There are three basic states anyone’s gum tissues can be in, technically they are: healthy, gingivitis and periodontitis. Gingivitis and periodontitis are types of gum disease classified by their severity and potential to return to the ‘healthy’ state. Gum disease (gingivitis and periodontitis) is a bacterial infection of the gum tissues.
Gingivitis is noticed first by some bleeding when brushing and/or flossing. The gums may feel a bit swollen and tender when cleaning. The damage is reversible through thorough cleaning. Periodontitis is more severe and can include signs like recession (loss of gum and bone tissue) and wobbly (mobile) teeth. There may be a bad taste in your mouth and sometimes spontaneous bleeding. The damage to the gum tissues is unfortunately irreversible in this instance but can be managed through general and sometimes specialist dental care.
When you attend your routine clean appointment with a Dental Hygienist there are several diagnostic procedures they carry out in order to assess what state your gums may be in. Looking at the gums, probing the gum tissue to assess pocketing, bleeding and recession; as well as assessing the plaque accumulation around the teeth is all part of the diagnostic process.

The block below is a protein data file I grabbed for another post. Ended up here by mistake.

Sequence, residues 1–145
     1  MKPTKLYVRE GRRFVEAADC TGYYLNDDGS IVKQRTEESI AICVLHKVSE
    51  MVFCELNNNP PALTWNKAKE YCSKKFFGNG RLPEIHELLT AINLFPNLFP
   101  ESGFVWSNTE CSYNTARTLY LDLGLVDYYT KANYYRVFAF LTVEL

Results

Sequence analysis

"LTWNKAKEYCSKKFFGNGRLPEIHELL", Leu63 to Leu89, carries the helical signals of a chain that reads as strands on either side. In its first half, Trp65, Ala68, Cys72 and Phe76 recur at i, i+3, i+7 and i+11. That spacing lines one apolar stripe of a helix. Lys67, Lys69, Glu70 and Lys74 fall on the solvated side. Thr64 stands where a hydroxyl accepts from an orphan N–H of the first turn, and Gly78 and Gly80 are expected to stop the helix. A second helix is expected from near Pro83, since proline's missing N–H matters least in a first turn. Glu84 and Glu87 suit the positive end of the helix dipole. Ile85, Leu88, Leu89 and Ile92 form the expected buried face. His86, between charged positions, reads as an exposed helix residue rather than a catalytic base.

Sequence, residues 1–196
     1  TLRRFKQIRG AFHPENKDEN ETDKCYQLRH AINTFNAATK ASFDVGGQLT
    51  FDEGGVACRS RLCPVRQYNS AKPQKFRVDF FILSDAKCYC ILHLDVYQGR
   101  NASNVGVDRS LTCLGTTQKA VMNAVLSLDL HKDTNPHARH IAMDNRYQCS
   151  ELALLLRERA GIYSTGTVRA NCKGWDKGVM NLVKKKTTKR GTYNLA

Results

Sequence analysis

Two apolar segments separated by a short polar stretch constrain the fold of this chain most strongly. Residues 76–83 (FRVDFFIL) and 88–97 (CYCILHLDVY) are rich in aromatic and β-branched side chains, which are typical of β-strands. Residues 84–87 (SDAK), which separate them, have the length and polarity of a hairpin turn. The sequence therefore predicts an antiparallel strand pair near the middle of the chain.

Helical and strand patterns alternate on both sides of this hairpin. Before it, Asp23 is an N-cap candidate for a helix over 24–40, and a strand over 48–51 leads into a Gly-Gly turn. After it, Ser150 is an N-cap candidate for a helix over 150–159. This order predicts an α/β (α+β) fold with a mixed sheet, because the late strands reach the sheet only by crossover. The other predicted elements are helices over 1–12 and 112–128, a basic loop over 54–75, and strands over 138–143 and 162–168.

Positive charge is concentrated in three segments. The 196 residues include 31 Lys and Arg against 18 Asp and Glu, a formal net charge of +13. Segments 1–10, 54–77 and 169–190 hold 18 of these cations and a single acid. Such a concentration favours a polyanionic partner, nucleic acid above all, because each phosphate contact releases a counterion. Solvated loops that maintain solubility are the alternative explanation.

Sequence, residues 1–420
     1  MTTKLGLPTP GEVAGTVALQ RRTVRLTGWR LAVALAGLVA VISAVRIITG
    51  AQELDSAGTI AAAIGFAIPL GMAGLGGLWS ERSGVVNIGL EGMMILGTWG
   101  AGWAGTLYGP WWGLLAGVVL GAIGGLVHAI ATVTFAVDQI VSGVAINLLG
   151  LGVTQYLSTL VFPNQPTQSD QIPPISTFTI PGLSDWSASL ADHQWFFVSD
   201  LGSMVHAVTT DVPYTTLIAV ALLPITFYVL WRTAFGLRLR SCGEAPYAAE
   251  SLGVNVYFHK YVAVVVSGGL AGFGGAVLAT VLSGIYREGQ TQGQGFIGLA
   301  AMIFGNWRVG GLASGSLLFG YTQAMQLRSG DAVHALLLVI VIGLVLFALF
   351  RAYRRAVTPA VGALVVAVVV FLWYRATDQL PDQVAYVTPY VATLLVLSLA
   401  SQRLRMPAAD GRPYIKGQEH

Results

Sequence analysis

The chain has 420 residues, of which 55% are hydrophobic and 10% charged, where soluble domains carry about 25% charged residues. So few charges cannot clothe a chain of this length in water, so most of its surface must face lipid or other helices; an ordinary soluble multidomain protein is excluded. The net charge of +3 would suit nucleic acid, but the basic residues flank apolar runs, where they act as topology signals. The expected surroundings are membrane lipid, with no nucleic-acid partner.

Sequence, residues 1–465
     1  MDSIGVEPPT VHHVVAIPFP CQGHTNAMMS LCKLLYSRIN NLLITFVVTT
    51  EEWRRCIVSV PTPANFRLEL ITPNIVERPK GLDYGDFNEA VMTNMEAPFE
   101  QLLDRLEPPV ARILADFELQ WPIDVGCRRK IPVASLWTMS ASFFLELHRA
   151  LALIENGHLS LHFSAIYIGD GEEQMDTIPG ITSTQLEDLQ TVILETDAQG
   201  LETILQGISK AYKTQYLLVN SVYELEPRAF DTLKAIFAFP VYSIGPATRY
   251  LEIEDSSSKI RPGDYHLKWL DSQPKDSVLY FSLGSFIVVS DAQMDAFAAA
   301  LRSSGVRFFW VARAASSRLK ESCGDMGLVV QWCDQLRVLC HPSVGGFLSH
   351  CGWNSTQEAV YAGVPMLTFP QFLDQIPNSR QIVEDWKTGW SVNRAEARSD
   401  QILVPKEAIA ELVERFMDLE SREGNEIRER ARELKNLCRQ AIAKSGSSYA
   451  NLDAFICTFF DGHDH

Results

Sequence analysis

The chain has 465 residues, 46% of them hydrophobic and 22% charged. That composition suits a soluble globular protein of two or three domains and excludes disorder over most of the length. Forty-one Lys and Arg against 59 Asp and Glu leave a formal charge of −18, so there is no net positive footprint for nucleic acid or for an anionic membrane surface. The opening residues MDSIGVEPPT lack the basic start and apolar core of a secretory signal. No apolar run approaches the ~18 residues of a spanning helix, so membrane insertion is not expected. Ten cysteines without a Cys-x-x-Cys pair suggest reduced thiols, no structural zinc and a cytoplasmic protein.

The way to prevent gum disease is relatively simple. Brushing twice daily for at least two minutes – focusing on the gum line with a gentle massaging pressure, flossing at least once daily – trying to get the floss at least a millimetre or two under the gum-line. Lifestyle choices such as not smoking and managing systemic conditions such as diabetes carefully also reduce the risk of gum disease. Most importantly, visiting the dentist for regular check ups (including x-rays to assess bone levels) and the hygienist for cleans at least twice a year to make sure you are cleaning